The fate of brands is in consumer hands

“The future of brands will be decided by consumers,” Dimitris Manikis, president EMEA, Wyndham Hotels & Resorts, told delegates at the IHIF EMEA 2024 on Tuesday.

Manikis was speaking on a panel of owners, operators and brands discussing the  implementation of novel concepts to boost returns from hospitality real estate, moderated by David Kellett, managing director, Invesco Real Estate. The Wyndham executive told his peers: “We have 25 brands, 20 of which we acquired. But consumers will decide which brands make sense.” He referenced the added challenge of fashion, retail and car brands moving into the hospitality space, from Armani to Mercedes, and asked “where do you stop? Consumers will dictate that.”

Co-panellist Jean-Jacques Morin, group deputy CEO of Accor, who is also CEO of the firm’s premium midscale & economy division, said that Accor had been “ahead of the curve” in instigating brands. “We have 46 brands, more than anyone in the industry,” he said, “but that has been our strategy for some time—we haven’t needed to add new brands for three years.” He credited “the lifestyle evolution” with driving brand creation. “Everyone wants something different, something ‘Instagrammable’, that didn’t exist before, and you can’t fit that in a limited number of brands.”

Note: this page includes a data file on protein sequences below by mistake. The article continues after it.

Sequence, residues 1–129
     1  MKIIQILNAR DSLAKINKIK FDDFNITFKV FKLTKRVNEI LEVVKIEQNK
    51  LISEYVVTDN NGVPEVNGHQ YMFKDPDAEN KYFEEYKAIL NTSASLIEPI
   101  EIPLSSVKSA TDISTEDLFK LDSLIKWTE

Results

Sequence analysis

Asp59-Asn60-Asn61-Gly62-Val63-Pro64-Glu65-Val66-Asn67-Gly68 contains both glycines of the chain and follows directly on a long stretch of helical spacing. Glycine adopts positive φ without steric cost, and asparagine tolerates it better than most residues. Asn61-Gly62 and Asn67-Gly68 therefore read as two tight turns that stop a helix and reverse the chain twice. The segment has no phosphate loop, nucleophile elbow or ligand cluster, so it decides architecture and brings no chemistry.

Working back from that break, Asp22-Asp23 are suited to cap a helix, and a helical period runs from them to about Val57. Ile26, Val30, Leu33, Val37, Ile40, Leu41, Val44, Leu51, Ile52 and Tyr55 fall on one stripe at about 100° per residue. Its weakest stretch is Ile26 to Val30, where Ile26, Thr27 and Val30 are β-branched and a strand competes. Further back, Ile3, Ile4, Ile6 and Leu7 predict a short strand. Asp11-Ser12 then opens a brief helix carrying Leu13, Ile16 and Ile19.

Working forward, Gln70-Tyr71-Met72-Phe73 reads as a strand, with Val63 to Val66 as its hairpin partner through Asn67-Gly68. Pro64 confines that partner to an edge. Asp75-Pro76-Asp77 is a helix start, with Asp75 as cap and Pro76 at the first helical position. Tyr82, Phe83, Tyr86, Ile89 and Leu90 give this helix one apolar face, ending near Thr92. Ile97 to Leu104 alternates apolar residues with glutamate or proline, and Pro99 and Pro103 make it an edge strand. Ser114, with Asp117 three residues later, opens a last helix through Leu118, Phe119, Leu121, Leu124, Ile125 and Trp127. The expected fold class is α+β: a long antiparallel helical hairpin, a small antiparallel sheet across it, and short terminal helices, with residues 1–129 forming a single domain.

For global hospitality management company Aimbridge Hospitality, brands are the firm’s bread and butter, said David Anderson, divisional president EMEA. “We globally manage 81 brands, and have to make sure that each team is aligned on aspects such as ESG,” he said. “But when it comes to making recommendations, we bring all the brands to the table to see which fits best in a particular market, while we remain agnostic.”

Speaking on behalf of Northern European hotel investor and owner Pandox, Jacob Rasin, SVP Transactions, gave the landlord perspective on brands. “I do think that size works, but you have to do your homework prior to signing a franchise agreement,” he said, noting that he didn’t really want to be a “guinea pig” on brands which might be doomed to fail, such as those with a low penetration in a particular market.

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